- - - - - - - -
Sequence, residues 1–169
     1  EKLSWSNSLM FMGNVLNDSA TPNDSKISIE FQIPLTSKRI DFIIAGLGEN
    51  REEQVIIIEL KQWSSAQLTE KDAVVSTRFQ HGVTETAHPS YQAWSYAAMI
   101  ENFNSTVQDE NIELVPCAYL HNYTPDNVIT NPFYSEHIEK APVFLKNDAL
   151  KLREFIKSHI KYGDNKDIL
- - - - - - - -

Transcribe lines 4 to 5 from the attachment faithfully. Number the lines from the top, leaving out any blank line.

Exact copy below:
   101  ENFNSTVQDE NIELVPCAYL HNYTPDNVIT NPFYSEHIEK APVFLKNDAL
   151  KLREFIKSHI KYGDNKDIL